Terrestrial basking

Turtles usually only come ashore to nest. It is rare to see a marine turtle on land otherwise. But it does happen: at certain beaches turtles come ashore to bask in the sun during the day. The only species known to exhibit this unique behaviour is the green turtle. It regularly comes to bask on the beaches of Hawai’i, and there have also been reports of turtles basking in the Galápagos Archipelago and in Western Australia. While basking the turtles will seemingly close their eyes and fall asleep. This creates the unique situation for beach goers to have to share the beach with napping turtles!

The obvious benefit of basking for reptiles is thermoregulation: raising body temperature accelerates metabolic processes like digestion and growth. Being cold-blooded, this is probably the main reason why these green turtle bask and nap on land. A possible added benefit of being on land is the reduction in exposure to marine predators such as tiger sharks. Finally, it could be that staying on land is also more energy-efficient as the turtle does not have to periodically swim to the surface for air. There are turtles that seem to prefer to bask at the same spot every day. On some beaches, tape is placed around the turtles’ favourite sleeping spots to ensure the turtles can rest undisturbed. It is also reported that certain groups of turtles always bask together, like friends. Occasionally Hawaiian monk seals also join the turtles for their nap, like in the pictures below!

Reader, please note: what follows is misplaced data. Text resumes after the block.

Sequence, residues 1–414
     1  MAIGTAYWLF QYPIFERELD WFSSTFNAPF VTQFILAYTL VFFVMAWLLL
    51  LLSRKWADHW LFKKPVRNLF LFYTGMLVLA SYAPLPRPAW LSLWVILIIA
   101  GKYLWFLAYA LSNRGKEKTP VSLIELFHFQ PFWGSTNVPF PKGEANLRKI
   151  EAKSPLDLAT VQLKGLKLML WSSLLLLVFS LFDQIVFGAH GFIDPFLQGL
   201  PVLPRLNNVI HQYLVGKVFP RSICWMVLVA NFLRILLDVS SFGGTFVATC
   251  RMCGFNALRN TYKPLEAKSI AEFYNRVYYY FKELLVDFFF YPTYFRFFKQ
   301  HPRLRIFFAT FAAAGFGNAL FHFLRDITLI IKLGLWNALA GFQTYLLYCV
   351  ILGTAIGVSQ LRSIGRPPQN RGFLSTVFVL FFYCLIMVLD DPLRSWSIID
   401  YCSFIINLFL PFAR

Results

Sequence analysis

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A big thank you to Mark Sullivan for all the great pictures of the turtles with the seals. Check out his great work with Hawaiian monk seal! I also thank Rebecca Scott for the original post idea.

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